Mom and Dad's Waltz: A Dance of Love and Sacrifice
Dangerfield, Rena, Human Architecture: Journal of the Sociology of Self-Knowledge
I'd walk for miles--cry or smile For my mama and daddy I want them--I want them to know How I feel--my love is real For my mama and daddy I want them to know--I love them so. (Chorus) In my heart the joy tears start 'cause I'm happy And I pray every day for Mom and Pappy And each night-I'd walk for miles--cry or smile For my mama and daddy I want them to know--I love them so. I'd fight in wars--do all the chores For my mama and daddy I want them to live on--'til they're called I'd work and slave--and never rave For my mama and daddy Because I know I owe them my all. --(Lefty Frizell 1951)
I was born in 1951 in Peru, Indiana, to Martha Mary and Wallace Dangerfield, the sixth of seven children, and the fourth daughter. Due to the fact that there is a twenty years' difference between my oldest and youngest siblings, there were only my sisters Vicki and Rita and me at home until my little brother was born in 1958. My oldest brother Tom had joined the Navy straight out of high school and was married and starting his own family shortly after. My next oldest brother, Larry, was honorably discharged from the Navy when he was discovered to be nearly deaf in one ear after only being in for a few weeks. He married shortly after being discharged. My oldest sister, Jane, was thrown out of the house when I was very young; I only remember her leaving, never living there. My sister Rita, the middle child, got out of the house as soon as she could by marrying the husband of the woman she baby-sat for. Most of my childhood memories of home revolve around Mom and Dad, Vicki, Rick, and me in the brick house in the tiny town of North Grove, Indiana.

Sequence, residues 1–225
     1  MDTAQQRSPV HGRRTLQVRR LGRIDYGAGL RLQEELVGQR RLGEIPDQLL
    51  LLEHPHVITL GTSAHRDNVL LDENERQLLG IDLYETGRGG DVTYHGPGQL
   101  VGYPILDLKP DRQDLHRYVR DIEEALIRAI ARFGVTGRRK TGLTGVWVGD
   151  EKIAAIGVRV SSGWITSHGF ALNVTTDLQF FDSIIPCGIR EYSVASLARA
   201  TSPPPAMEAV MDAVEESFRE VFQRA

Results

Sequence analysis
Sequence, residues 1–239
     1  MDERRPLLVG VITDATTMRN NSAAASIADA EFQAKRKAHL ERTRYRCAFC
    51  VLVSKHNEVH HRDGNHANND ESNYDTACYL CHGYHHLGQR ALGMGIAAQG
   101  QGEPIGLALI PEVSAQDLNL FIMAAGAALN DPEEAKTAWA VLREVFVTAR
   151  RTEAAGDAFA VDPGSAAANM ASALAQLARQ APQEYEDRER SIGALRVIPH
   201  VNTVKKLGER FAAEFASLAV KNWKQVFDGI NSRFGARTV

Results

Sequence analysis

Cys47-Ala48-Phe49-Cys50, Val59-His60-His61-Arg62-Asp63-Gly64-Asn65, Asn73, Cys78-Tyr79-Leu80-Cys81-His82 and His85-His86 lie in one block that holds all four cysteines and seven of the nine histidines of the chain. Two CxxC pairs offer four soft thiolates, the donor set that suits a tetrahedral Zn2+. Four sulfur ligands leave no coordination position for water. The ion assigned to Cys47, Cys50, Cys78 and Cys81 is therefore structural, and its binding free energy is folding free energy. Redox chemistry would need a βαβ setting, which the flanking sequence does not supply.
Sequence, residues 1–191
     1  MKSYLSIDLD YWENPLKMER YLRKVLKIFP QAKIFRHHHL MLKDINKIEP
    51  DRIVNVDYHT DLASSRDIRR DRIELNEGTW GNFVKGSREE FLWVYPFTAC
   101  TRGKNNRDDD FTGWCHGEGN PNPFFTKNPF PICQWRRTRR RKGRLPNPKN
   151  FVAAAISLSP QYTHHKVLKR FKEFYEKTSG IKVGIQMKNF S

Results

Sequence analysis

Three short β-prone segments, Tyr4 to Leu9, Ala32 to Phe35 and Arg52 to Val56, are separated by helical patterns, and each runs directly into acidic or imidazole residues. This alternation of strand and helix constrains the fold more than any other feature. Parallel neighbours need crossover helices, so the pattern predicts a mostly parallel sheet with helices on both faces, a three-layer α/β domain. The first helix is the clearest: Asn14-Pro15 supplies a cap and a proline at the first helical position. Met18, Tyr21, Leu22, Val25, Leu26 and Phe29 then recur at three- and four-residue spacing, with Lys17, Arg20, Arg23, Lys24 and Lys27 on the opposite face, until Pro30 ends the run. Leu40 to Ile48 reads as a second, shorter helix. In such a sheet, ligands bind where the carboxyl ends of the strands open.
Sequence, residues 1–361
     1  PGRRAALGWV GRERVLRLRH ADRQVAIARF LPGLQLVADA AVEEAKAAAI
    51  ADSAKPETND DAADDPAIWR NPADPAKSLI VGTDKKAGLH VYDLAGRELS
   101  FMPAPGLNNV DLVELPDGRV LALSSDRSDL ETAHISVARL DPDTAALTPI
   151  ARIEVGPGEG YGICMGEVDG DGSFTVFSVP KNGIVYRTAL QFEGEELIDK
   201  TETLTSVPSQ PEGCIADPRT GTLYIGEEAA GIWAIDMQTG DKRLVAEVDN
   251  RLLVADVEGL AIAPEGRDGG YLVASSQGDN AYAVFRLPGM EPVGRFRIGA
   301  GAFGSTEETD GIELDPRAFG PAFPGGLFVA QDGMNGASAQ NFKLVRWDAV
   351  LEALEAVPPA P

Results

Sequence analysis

My oldest brother, Tom, was the family hero. He was so handsome in his uniform when he came home on leave. He always came home in his uniform, carrying duffel bags, suitcases, and his guitar. The first night of his visit always entailed Mom cooking him a big platter of bacon and eggs, then they got out the little Decca record player and played the old 78's. Then pretty soon, Tom would get his guitar out and play Mom and Dad's Waltz. Mom would get teary-eyed and both she and Dad would be happier than I usually got to see them.
Mom and Dad's Waltz was written and performed by Lefty Frizell, and was a top ten hit on the 1951 hit list. William Orville "Lefty" Frizell was born in 1928 in Tuckertown, Texas, where his father worked in the oil fields. This was during the time of the western oil boom. Lefty worked in the oil fields shortly, then began to sing in local honky tonk bars until he was discovered and began making his living as a singer. Mom and Dad's Waltz was a number one hit in 1951.
I didn't know where the song came from as a child. I thought it was old then, too. It was always a part of my life from the earliest time I can remember. My Dad had lots of old records and played them whenever he had too much to drink. They were mostly western songs or songs about work. He also loved westerns on the television we got when I was about nine years old. My mother preferred songs like Goodnight Irene, and sang them as she did her work.
Mom and Dad's Waltz was the one song they both loved, but then Tom dedicated that one to them every time he came home. Mom and Dad's Waltz became more than just a song to my family. It was the one time when feelings of love and warmth predominated over feelings of anger and disappointment. My Mom struggled to keep us fed and clothed on Dad's earnings, taking in ironing, doing mending for people, anything to bring in some extra money. Over the years, Dad brought less and less of his pay check home. He would come home drunk and mad, and Mom would confront him about the money and of course, it was gone. They would argue and fight, and eventually he started hitting her. When things got to that point, the visits from Tom and the music was the only thing that would bring things back to normal, at least for a little while. …